- Garland, E.L., Howard, M.O., Zubieta, J., & Froeliger, B. (2017). Restructuring hedonic dysregulation in chronic pain and prescription opioid misuse: Effects of Mindfulness-Oriented Recovery Enhancement on responsiveness to drug cues and natural rewards. Psychotherapy and Psychosomatics, 86(2), 111-112.
- Garland, E.L., Baker, A.K., & Howard, M.O. (2017). Mindfulness-Oriented Recovery Enhancement reduces opioid attentional bias among prescription opioid-treated chronic pain patients. Journal of the Society for Social Work and Research.
- Garland, E.L., Bryan, C.J., Finan, P., Thomas, E.A., Priddy, S.E., Riquino, M., & Howard, M.O. (2017). Pain, hedonic regulation, and opioid misuse: Modulation of momentary experience by Mindfulness-Oriented Recovery Enhancement in opioid-treated chronic pain patients. Drug and Alcohol Dependence, 173, S65-S72.
- Garland, E.L., Baker, A.K., Riquino, M.R., & Priddy, S.E. (2017). Mindfulness-Oriented Recovery Enhancement: A review of its theoretical underpinnings, clinical application, and biobehavioral mechanisms. In Ivtzan, I. (ed.), Handbook of Mindfulness-Based Programs: Every Established Intervention, from Medicine to Education. Routledge Press.
- Li, W., Garland, E.L., McGovern, P., O’Brien, J.E., Tronnier, C., & Howard, M.O. (2017). Mindfulness-Oriented Recovery Enhancement for internet gaming disorder in U.S. adults: A stage 1 randomized controlled trial. Psychology of Addictive Behaviors, 31, 393-402.
- Froeliger, B., Mathew, A., McConnell, P., Eichberg, C., Saladin, M.E., Carpenter, M.J., & Garland, E.L. (in press). Restructuring reward mechanisms in nicotine addiction: A pilot fMRI study of Mindfulness-Oriented Recovery Enhancement for cigarette smokers. Evidence-Based Complementary and Alternative Medicine.
- Li, W., Garland, E. L., O’Brien, J.E., Tronnier, C., McGovern, P., Howard, M. O. (2017). Mindfulness-Oriented Recovery Enhancement for video game addiction in emerging adults: Preliminary findings from case reports. International Journal of Mental Health and Addiction.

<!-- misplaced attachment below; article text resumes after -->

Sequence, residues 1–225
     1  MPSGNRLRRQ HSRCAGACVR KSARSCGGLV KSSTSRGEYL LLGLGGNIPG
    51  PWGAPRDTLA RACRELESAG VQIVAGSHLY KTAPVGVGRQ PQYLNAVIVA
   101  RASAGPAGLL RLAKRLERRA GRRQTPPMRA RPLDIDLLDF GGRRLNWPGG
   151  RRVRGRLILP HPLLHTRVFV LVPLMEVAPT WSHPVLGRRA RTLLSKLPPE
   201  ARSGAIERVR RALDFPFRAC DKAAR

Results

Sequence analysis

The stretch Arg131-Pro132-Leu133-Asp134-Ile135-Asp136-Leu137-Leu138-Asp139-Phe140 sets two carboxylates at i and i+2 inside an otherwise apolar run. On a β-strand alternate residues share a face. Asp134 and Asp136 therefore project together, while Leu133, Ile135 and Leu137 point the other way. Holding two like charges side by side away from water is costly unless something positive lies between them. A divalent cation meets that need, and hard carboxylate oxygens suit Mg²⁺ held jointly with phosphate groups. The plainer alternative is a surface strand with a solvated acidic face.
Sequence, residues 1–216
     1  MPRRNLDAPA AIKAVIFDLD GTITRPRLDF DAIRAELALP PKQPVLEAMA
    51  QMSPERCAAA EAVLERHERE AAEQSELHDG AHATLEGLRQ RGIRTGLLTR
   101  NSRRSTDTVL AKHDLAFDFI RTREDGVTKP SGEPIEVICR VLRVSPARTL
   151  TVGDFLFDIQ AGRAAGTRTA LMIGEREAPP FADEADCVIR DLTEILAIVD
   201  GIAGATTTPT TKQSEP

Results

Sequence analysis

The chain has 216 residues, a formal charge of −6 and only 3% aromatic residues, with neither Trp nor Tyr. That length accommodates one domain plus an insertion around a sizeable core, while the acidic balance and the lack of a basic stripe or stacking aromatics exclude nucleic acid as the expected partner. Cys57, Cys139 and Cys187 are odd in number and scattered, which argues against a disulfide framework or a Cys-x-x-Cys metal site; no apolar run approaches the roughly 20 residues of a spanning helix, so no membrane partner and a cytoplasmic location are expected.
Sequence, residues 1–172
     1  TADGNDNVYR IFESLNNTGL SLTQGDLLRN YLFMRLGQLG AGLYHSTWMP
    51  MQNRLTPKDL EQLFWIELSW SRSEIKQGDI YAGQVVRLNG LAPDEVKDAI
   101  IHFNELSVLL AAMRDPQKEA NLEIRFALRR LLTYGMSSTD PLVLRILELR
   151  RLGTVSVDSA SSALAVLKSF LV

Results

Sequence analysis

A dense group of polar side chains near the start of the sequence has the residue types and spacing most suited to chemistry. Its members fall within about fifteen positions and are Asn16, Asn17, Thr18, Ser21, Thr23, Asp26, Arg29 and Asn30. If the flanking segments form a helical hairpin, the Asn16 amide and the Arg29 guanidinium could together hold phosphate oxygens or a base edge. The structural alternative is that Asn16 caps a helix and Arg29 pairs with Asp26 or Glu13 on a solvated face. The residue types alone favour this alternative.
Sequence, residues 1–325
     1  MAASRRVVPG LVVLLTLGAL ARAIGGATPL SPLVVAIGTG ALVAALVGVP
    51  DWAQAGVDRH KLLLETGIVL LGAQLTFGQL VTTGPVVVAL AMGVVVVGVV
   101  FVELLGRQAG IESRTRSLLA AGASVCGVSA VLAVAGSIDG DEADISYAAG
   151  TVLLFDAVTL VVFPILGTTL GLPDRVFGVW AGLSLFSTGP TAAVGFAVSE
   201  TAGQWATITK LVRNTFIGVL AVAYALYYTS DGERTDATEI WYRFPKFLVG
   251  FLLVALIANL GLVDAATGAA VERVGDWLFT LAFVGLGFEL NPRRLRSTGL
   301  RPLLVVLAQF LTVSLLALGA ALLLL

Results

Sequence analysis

- Garland, E.L. (2016). Targeting hedonic dysregulation with Mindfulness-Oriented Recovery Enhancement: Restructuring reward mechanisms in addiction, stress, and pain. Annals of the New York Academy of Sciences, 1373, 25-37.
- Garland, E.L., Roberts-Lewis, A., Tronnier, C., Kelley, K., & Graves, R. (2016). Mindfulness-Oriented Recovery Enhancement versus CBT for co-occurring substance dependence, traumatic stress, and psychiatric disorders: Proximal outcomes from a pragmatic randomized trial. Behaviour Research and Therapy, 77, 7-16.
- Garland, E.L., Froeliger, B.E., & Howard, M.O. (2015). Neurophysiological evidence for remediation of reward processing deficits in chronic pain and opioid misuse following treatment with Mindfulness-Oriented Recovery Enhancement: Exploratory ERP findings from a pilot RCT. Journal of Behavioral Medicine, 38(2), 327-336.
- Garland, E.L., Froeliger, B., & Howard, M.O. (2014). Effects of Mindfulness-Oriented Recovery Enhancement on reward responsiveness and opioid cue-reactivity. Psychopharmacology, 231(16), 3229-3238.
- Garland, E.L., Manusov, E.G., Froeliger, B., Kelly, A., Williams, J., & Howard, M.O. (2014). Mindfulness-Oriented Recovery Enhancement for chronic pain and prescription opioid misuse: Results from an early stage randomized controlled trial. Journal of Consulting and Clinical Psychology, 82(3), 448-459.
- Garland, E.L., Thomas, E.A., & Howard, M.O. (2014). Mindfulness-Oriented Recovery Enhancement ameliorates the impact of pain on self-reported psychological and physical function among opioid-using chronic pain patients. Journal of Pain and Symptom Management, 48(6), 1091-1099.
- Garland, E.L., & Howard, M.O. (2013). Mindfulness-Oriented Recovery Enhancement reduces pain attentional bias in chronic pain patients. Psychotherapy and Psychosomatics, 82, 311-318.
- Kelly, A., & Garland, E.L. (2014). Treatment of depression and coping with chronic pain through Mindfulness-Oriented Recovery Enhancement. In C.W. LeCrory (ed.), Case Studies in Social Work Practice. Wiley: New York.
- Garland, E.L., Schwarz, N., Kelly, A., Whitt, A., & Howard, M.O. (2012). Mindfulness-Oriented Recovery Enhancement for alcohol dependence: Therapeutic mechanisms and intervention acceptability. Journal of Social Work Practice in the Addictions, 12, 242-263.
- Garland, E.L., Gaylord, S.A., Boettiger, C.A., & Howard, M.O. (2010). Mindfulness training modifies cognitive, affective, and physiological mechanisms implicated in alcohol dependence: Results from a randomized controlled pilot trial. Journal of Psychoactive Drugs, 42(2), 177-192.